• I ate lunch in a room with 150 people on a film set. Passed gear around like we normally would with multiple people touching it. Put my slate marker in my mouth while filling out a camera report. It all seems unfathomable now.
  • I tried checking out the new Encore casino for my birthday weekend and it sucked! I vividly remember thinking I'd try going somewhere else a weekend or two later, but little did I know...
  • I interviewed at a bar on March 13th and elbow bumped the manager to accept the job. I worked the next day and by Wednesday it was closed indefinitely.
  • My birthday party at an escape room. We escaped the room now there is no escape.
  • There's an all you can eat cash hot-pot place by my house.  Normally you have to show up when it opens or it's a 2+ hour wait. Right before this all got serious we went there twice where we were one of three total couples period the entire meal. An ominous omen.
  • Went for Szechuan food in a deserted restaurant in Sunset Park with my best friends. Tried to get my boyfriend to come with us, arguing it was going to be the last normal day...and it was.
  • I was on vacation at the beginning of the month and it's really like I flew back home into the alternate universe.
  • I met friends for dinner and then watched Uncut Gems at their house and ever since then it's frankly like the Uncut Gems stress never left me.
  • Going to the playground, pushing my kid in one of those grimy plastic seats that's nasty under the best of circumstances. No more of that!
  • Saw toilet paper on store shelves and thought, "Eh, I'll grab some tomorrow." Swiftly regretted that.
  • I got a beer at the place across the street, still sat out on the patio. I did get a little worried when the waitress coughed but then she told me she just went to "smoke" in her car.
  • Had dinner in a restaurant, and exclaimed about a rainstorm that came through while we were eating.
  • I went to improv but there weren’t enough people to make a full audience so I left. I really wish I’d stayed.
  • Went into the city for a bubble tea festival, came back with food poisoning. The doctor asked me about if I'd left the country or met anyone who had and I didn't understand why. That was way back before it was making headlines.
  • Going to Cheesecake Factory. I wish I had a better memory.
  • We were in Jamaica for a family vacation and came home on Saturday the week before they really started locking things down. In the airport in Jamaica people were wiping stuff down but still sitting on top of each other in the restaurants etc. The plane was full and nothing was really strange yet. When we landed on Saturday I'd say 20 - 30% of the Logan employees had masks on and we thought it was a little strange. I was supposed to fly out the following Monday for Vegas for work and they cancelled the trip and even though at the time I thought that Covid19 was serious, I thought it was crazy that they were cancelling the trip. In hindsight it appears to have been the right choice.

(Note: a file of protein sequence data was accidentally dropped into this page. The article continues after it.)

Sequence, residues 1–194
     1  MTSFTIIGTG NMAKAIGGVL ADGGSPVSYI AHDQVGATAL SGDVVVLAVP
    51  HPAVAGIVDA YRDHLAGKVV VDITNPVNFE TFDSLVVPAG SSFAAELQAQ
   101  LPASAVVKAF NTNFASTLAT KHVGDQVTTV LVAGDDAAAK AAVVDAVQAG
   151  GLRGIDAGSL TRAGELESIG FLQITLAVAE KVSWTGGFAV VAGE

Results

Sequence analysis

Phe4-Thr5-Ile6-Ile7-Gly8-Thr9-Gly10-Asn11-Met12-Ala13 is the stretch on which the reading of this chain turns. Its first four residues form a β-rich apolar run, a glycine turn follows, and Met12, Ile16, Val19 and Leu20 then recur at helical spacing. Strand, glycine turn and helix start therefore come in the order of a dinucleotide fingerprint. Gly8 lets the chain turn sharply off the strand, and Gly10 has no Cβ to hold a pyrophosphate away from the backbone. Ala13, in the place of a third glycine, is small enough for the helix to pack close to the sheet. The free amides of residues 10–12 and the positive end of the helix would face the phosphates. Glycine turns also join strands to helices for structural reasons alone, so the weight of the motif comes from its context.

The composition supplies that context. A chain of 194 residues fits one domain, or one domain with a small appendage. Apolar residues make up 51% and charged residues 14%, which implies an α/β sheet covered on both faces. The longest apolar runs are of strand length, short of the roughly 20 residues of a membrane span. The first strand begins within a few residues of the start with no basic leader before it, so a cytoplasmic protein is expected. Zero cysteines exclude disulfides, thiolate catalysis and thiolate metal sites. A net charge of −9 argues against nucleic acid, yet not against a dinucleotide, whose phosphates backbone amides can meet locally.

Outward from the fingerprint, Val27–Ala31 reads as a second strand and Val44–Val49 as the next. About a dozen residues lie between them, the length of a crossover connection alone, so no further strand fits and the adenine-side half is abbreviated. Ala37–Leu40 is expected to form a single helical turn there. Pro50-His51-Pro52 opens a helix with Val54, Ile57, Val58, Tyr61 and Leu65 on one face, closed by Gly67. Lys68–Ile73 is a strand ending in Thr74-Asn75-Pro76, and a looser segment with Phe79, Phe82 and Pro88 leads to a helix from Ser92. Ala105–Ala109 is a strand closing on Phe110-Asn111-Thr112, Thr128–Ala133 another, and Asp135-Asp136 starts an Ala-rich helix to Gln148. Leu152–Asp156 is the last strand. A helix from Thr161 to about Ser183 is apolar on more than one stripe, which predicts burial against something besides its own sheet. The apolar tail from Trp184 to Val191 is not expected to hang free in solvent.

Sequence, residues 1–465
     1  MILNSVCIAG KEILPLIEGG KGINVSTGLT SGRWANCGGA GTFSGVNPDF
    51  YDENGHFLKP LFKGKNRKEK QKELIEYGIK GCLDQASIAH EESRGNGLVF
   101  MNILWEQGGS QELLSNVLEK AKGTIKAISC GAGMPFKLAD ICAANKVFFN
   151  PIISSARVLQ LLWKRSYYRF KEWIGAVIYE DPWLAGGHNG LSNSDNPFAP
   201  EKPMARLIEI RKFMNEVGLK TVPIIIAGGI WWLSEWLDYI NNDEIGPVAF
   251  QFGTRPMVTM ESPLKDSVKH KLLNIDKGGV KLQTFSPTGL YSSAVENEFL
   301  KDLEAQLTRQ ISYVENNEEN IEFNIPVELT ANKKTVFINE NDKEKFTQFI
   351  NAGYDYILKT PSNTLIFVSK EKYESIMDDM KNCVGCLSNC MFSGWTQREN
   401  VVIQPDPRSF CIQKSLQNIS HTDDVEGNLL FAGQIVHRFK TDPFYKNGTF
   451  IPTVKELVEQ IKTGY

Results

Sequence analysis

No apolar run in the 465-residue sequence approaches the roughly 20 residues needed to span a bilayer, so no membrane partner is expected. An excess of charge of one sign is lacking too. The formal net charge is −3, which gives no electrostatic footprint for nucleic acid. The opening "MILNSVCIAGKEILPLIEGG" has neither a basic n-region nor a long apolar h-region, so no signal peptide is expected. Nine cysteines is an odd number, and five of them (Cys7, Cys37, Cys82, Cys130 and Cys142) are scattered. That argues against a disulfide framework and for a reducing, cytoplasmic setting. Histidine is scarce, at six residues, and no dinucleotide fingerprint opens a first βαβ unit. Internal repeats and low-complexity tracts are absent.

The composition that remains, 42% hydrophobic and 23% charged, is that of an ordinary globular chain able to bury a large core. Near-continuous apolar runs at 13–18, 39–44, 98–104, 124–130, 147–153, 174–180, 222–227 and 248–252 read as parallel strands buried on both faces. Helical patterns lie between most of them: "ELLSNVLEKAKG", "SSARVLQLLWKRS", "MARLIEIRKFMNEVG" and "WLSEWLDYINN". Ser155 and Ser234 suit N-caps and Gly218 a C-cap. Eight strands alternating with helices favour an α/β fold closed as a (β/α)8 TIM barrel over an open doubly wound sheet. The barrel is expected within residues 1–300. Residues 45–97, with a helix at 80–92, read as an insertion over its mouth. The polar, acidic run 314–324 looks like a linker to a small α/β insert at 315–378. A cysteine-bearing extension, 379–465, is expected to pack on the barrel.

• Visited my mom. She’s alone and lonely. I can’t risk seeing her now and feel so bad.
  • Giving my friend a hug.

I was reminded of this story There Will Come Soft Rains by Ray Bradbury today which you will either really enjoy or really not want to read at this time.

In the living room the voice-clock sang, Tick-tock, seven o'clock, time to get up, time to get up, seven o 'clock! as if it were afraid that nobody would. The morning house lay empty. The clock ticked on, repeating and repeating its sounds into the emptiness. Seven-nine, breakfast time, seven-nine!

In the kitchen the breakfast stove gave a hissing sigh and ejected from its warm interior eight pieces of perfectly browned toast, eight eggs sunny side up, sixteen slices of bacon, two coffees, and two cool glasses of milk.

"Today is August 4, 2026," said a second voice from the kitchen ceiling, "in the city of Allendale, California." It repeated the date three times for memory's sake. "Today is Mr. Featherstone's birthday. Today is the anniversary of Tilita's marriage. Insurance is payable, as are the water, gas, and light bills."

Somewhere in the walls, relays clicked, memory tapes glided under electric eyes.

Eight-one, tick-tock, eight-one o'clock, off to school, off to work, run, run, eight-one! But no doors slammed, no carpets took the soft tread of rubber heels. It was raining outside. The weather box on the front door sang quietly: "Rain, rain, go away; umbrellas, raincoats for today. .." And the rain tapped on the empty house, echoing.

Outside, the garage chimed and lifted its door to reveal the waiting car. After a long wait the door swung down again.

At eight-thirty the eggs were shrivelled and the toast was like stone. An aluminium wedge scraped them into the sink, where hot water whirled them down a metal throat which digested and flushed them away to the distant sea. The dirty dishes were dropped into a hot washer and emerged twinkling dry

Nine-fifteen, sang the clock, time to clean.

Out of warrens in the wall, tiny robot mice darted. The rooms were a crawl with the small cleaning animals, allrubber and metal. They thudded against chairs, whirling their moustached runners, kneading the rug nap, sucking gently at hidden dust. Then, like mysterious invaders, they popped into their burrows. Their pink electric eyes faded. The house was clean.

Ten o'clock. The sun came out from behind the rain. The house stood alone in a city of rubble and ashes. This was the one house left standing. At night the ruined city gave off a radioactive glow which could be seen for miles

Read the rest here if you like.